We just finished this build where we started with a basic Ana White bench plan and modified it for our needs. I (Steph) have been wanting to build a privacy screen for some time to cover the patch of my yard that I can see into my neighbors backyard. We finally made it happen and even better we made it into a bench so it has multiple functions!
Step 1: Watch the Videos
For more detail on the concrete seats- visit our website here.
Step 2: Gather Materials
- (9) 8” pressure treated 2X4’s
- 4’x8' plastic privacy lattice
- 2.5” Kreg outdoor screws
- (4) Strong Tie Brackets
- Behr outdoor wood primer
- Behr outdoor gray paint
- White Flex Seal Rubber Paint
- Wood Filler
- Outdoor Wood Glue
- Kreg K4 Pocket Hole Jig
- Ryobi Circular Saw
- Kreg Rip Cut Circular Saw Jig
- Miter SawChisels
- Speed Square
- Orbital Sander
- Tin Snips
- Tape Measure, level, clamps
- Ryobi Impact Driver
- Ryobi Drill/Driver
- Safety equipment—gloves, face mask, eye protection
Step 3: Build Base
We followed the Ana White plan almost exactly for the base. The only change we made was to add two extra supports due to the extra weight of the concrete. These pieces were attached together. Pocket holes were made and everything was screwed together.
Step 4: Measure, Mark and Cut Back Pieces
With the customization of the plan, we cut our two side supports to 6 feet and cut three back horizontal pieces according to the cut list from Ana’s plan. A speed square helps insure accurate marking of the cut lines.
Step 5: Cut Grooves
To cut the grooves we clamped the two back pieces together. The one to be cut and the other to help as a guide as we utilized the Kreg Rip-Cut Jig. We made four to five passes in the vertical length of each piece to get the approximate 1/4” groove that was needed to accommodate the lattice.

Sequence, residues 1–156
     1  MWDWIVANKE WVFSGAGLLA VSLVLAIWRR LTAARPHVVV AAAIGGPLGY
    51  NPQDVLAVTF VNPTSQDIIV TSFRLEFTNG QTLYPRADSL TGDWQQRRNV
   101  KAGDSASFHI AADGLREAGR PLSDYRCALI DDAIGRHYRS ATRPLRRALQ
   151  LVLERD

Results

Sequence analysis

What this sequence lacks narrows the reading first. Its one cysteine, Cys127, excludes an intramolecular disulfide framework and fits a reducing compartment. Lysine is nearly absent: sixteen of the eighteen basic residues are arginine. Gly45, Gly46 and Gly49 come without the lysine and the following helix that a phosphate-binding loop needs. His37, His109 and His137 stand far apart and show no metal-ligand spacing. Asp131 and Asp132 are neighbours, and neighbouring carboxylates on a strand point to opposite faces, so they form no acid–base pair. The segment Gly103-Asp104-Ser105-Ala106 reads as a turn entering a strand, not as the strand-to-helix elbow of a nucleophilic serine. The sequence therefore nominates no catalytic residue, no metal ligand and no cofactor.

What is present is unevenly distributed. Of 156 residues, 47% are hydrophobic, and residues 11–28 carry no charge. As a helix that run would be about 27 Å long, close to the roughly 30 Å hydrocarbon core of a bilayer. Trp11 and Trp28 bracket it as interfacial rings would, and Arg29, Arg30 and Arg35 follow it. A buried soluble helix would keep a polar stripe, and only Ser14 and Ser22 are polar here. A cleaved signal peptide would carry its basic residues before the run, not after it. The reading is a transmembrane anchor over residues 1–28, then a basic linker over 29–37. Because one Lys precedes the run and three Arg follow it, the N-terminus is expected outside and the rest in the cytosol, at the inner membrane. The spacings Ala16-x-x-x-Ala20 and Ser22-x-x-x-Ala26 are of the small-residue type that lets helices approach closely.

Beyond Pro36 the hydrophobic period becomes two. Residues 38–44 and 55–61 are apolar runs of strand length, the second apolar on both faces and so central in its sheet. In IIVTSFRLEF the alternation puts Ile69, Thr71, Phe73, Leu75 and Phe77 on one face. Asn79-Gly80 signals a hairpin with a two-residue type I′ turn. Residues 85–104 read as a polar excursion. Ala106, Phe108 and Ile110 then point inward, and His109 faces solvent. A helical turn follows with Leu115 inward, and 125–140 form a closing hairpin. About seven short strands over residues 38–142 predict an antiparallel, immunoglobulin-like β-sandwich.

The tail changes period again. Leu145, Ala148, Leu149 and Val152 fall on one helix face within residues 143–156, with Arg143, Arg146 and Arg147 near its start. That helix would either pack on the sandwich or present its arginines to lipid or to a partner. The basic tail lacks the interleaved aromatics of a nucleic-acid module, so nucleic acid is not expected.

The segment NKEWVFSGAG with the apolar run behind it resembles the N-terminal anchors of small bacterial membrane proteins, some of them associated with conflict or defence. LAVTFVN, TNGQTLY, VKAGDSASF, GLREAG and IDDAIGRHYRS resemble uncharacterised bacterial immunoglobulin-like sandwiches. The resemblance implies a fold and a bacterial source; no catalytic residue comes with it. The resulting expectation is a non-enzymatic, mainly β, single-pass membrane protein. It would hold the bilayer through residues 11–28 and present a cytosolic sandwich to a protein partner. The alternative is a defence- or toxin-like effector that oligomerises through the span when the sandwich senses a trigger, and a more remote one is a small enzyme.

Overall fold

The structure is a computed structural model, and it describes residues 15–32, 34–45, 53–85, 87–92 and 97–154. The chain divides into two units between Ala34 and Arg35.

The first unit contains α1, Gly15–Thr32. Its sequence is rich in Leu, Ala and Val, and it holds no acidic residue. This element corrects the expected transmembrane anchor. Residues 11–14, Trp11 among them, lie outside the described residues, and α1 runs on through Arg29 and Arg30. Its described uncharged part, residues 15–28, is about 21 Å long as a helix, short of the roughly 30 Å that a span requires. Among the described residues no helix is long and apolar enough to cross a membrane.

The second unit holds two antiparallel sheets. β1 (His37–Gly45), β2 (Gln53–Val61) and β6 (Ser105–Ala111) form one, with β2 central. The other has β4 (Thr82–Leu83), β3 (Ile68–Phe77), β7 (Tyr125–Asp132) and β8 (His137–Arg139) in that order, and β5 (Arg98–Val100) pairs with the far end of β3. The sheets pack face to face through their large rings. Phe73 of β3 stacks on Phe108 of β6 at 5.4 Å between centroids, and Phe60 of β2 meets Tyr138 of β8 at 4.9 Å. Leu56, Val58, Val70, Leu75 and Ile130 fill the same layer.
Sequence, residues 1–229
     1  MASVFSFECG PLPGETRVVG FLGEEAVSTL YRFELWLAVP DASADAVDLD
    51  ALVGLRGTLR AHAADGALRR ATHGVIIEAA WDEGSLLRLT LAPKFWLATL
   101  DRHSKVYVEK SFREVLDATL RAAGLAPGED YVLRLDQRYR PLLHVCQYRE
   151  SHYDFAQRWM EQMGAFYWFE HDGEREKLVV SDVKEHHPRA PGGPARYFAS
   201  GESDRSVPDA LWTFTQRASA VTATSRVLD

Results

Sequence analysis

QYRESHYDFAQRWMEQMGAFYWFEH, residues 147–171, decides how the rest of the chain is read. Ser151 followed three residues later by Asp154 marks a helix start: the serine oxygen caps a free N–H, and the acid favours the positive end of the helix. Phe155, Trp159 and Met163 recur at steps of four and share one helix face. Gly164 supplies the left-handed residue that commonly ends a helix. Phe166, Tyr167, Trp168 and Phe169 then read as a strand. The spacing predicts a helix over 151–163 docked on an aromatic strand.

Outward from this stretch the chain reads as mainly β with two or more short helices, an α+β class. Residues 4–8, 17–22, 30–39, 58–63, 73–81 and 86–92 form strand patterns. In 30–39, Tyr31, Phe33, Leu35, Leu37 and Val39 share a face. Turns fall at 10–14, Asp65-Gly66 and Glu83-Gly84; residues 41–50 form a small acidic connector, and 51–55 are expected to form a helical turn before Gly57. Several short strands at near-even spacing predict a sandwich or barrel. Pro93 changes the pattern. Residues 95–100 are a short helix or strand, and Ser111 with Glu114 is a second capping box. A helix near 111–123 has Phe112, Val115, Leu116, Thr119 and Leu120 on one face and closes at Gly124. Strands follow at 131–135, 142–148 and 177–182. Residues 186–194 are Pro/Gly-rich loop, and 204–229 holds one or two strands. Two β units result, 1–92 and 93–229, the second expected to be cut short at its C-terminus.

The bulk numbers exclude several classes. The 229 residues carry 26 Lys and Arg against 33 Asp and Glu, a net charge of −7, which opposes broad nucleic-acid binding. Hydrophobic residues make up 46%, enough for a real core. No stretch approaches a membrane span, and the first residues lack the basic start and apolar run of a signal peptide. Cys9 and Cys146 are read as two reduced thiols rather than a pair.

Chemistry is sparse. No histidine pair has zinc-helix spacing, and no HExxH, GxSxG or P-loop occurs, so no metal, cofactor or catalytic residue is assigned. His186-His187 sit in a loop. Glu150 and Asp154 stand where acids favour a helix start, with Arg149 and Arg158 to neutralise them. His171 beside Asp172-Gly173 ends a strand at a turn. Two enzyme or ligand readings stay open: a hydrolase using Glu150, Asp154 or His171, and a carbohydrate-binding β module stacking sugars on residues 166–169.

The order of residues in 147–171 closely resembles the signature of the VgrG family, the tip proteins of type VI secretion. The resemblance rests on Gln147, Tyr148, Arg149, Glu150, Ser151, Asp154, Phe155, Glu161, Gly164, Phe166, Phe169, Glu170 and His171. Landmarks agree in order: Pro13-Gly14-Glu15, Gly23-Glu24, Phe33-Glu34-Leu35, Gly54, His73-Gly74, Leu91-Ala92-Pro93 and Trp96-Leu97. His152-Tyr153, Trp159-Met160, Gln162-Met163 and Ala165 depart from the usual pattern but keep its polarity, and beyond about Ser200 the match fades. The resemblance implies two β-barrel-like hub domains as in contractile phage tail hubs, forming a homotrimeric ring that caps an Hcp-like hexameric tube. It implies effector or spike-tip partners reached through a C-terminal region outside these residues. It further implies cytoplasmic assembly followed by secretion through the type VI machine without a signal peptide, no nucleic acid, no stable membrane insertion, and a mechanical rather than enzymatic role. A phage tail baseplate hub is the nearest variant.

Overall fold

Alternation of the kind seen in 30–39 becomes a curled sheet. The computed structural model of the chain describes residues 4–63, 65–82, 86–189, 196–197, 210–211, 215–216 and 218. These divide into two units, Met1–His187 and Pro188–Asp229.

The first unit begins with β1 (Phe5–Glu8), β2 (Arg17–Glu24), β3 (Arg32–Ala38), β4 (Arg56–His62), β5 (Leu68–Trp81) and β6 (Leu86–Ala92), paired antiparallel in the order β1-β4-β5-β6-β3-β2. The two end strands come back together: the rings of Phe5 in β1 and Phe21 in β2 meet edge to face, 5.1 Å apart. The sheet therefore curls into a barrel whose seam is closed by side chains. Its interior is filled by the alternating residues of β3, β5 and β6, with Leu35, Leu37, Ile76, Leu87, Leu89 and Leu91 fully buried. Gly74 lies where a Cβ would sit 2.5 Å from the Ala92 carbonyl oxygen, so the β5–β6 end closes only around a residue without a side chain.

Step 6: Sand, Prime, Paint
We would have liked to stain, but because we used pressure treated wood, which is not that attractive, we decided to paint. We did this step before assembly as we thought it would be easier (and it was).
Step 7: Assemble Back
We made pocket holes in the three horizontal pieces on each end on the back side of the boards so that they could be screwed into the side supports. The bottom piece was attached to the side pieces. The lattice was marked and cut to size with tin snips. This was slow going but worked. In theory this could be cut with a saw but we didn't have the garage space to maneuver the large piece of lattice into a saw. After cutting the lattice, it was shimmied into place, the middle support was added, then more lattice and finally the last horizontal support.
Step 8: Attach Base, Front Legs, Arm Rests
We varied from the plan here as we felt we needed to have additional support for the base and front legs. Along with pocket holes, we used corner brackets screwed into place under the seat bench.
We used a ruler and level to get the placement of the front legs correct. Corner brackets were also added here.
Step 9: Finishing
We used Bondo to fill in the pocket holes and wood filler on any large spaces. This was sanded smooth and the paint was touched up where needed. To help prevent rotting on the wood legs, as this bench will be outside in the elements and sit directly on rocks/dirt, we used Flex Seal on each of the legs. Steph thinks it looks like it's wearing socks!
Step 10: Put Bench Into Place and Add Concrete Seats
There is something very satisfying in seeing a project, we imagined and outlined on paper, physically come together in wood and concrete. It's the perfect addition to Steph’s yard! It provides much needed privacy and a place to sit or even doubles as a potting bench.
In the future, we hope to encourage the growing of some kind of vine to provide even more privacy. What should we plant? Should it be planted in the ground or in some kind of planter box?
For more details please visit our website!
Runner Up in the
Woodworking Contest 2017